“Instead of attacking a particular class or vintage of pipe now, we’re looking to manage breaks from an economic standpoint,” Coombs says.

Transmission lines

At the same time, Louisville Water is also taking a close look at its transmission lines, which are considerably larger than the distribution lines and range from 24 to 72 inches in diameter.

That requires a different approach. While there are 3,900 miles of distribution lines, there are 200 miles of the larger transmission lines.

“We’re really trying to manage the smaller pipe failures to a reasonable level,” says Coombs. “We’re not going to be able to eliminate those. There are orders of magnitude of difference between a distribution failure, which might cost a few thousand bucks to repair, and a transmission line failure, which can cost millions of dollars to repair — through damage claims, the actual repair costs and restoration costs. We are trying to be more proactive with our transmission main system.”

About half of the utility’s transmission mains are prestressed concrete cylinder pipe — a steel pipe, lined on the inside and coated on the outside with concrete, with prestressing steel wires embedded in the outer concrete shell.

PCCP is generally strong and durable, but it can sometimes fail, says Coombs. Usually that happens when the concrete gets compromised, such as when cracks allow water to seep in and rust the steel wires that are supposed to enhance its durability. If they rust enough that they start breaking, that can then lead to damage to the steel and concrete components as well, increasing the risk of failure.

In 2009, Louisville Water saw one such pipe fail. Coombs says the utility got lucky. “It occurred at a great location — the water was able to get away. There was minimal property damage, and it wasn’t at a real high demand period,” he says. There was also a backup line that could be easily put into service until the damaged line was repaired.

But that was a wake-up call. “Had it broken 2,000 feet down the line, the cost of that would probably have been $10 million,” he says. “We considered ourselves very fortunate.”

Systematic inspection

Louisville Water is now spending about $2 to $3 million a year to check those PCCP lines, doing about 8 to 10 miles a year. The project is expected to be complete by 2019. While somewhere from 2 to 4 percent of the PCCP lines may have some damage, less than 1 percent will actually need to be fixed or replaced, says Coombs. But if it can be handled before failing, the cost is going to be much less, both in property damage and because less pipe will need to be fixed — once a pipe fails, it typically damages additional pipe that connects to it.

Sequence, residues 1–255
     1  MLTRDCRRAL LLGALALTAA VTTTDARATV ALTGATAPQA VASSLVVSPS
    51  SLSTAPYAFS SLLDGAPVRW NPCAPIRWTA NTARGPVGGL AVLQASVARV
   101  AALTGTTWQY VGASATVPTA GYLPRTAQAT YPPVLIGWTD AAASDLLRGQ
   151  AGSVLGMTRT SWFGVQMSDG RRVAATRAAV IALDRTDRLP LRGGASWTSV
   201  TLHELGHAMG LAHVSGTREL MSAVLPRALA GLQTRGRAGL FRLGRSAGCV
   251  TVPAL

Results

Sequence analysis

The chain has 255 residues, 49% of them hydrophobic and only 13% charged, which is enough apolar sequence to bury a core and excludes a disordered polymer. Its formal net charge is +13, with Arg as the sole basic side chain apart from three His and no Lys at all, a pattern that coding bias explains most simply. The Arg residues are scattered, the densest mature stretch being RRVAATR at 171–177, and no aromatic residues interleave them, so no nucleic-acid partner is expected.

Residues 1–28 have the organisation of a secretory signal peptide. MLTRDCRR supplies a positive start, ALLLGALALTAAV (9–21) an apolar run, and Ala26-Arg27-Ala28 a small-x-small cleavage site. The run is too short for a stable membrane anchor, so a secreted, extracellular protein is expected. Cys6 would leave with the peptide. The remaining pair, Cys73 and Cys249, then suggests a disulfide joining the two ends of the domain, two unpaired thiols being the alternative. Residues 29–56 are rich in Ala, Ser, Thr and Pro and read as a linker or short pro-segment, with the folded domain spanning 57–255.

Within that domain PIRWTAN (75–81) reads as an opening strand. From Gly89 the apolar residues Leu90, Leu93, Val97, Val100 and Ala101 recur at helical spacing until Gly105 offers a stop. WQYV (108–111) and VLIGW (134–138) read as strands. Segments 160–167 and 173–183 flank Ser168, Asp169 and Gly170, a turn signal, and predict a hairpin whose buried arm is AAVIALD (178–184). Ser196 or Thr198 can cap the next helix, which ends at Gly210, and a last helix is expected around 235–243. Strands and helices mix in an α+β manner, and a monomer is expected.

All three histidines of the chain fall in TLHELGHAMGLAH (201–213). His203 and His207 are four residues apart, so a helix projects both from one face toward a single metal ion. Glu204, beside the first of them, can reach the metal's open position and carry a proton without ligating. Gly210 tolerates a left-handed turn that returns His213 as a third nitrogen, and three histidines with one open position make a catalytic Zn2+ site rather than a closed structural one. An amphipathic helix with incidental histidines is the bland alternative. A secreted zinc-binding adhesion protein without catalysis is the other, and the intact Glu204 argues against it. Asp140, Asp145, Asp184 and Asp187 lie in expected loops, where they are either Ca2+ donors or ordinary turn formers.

The utility has various tools for identifying problem pipes. When a line cannot be taken out of service, crews can send in a PipeDiver from Pure Technologies, which uses electromagnetic sensors to detect problem wires in the pipe.

Robotic units carrying cameras mounted on them can be used in water mains that can be taken out of service for the inspection, and in some mains that are big enough, workers may go through pipes themselves with inspection equipment.

If repair is called for, there are a variety of options, including wrapping the line in steel, putting tension cables around it or even mending it with high-tech carbon fiber — the same material being used in everything from bicycles to aircraft.

Louisville Water is in the process of evaluating various repair methods to develop criteria for which ones best suit specific circumstances.

The utility is also exploring ways to better assess the quality of conventional ductile iron pipe, Coombs says.

Economic challenges

All this is happening even as Louisville Water faces two seemingly contradictory trends: less water use — meaning tighter revenue — and expanding demand for water distribution infrastructure.

Over the last 20 years or so, the utility has lost about half of its industrial customers. “And the ones that have stayed with us have drastically decreased the amount of water they’re using,” Coombs says. And while the residential and commercial customer base is growing modestly, individual usage is falling, thanks to trends such as smaller families and the use of water-saving fixtures in homes and businesses.

So while the number of accounts grows at about 2 to 3 percent a year, that’s offset by the diminishing individual usage. Yet, Coombs notes, “We still have to maintain pump systems and distribution systems.” Having to maintain the extensive base of assets means that even though usage is falling, water rates may creep up to cover costs that continue to increase.

Those trends make it even more important to get the most out of the assets that Louisville Water has and to make repairs more effective and less expensive.

“We’re trying to be proactive with our transmission main assessment work to ultimately prevent a failure,” Coombs says. “When those pipes go, it is on the news. It is a big event. There’s a big impact on customers; there’s a lot of property damage. It’s just not a very good day.”

But by stepping up now to solve problems before they happen, Louisville Water’s personnel hope to make the good days happen a lot more often, and keep the not-so-good ones to a minimum.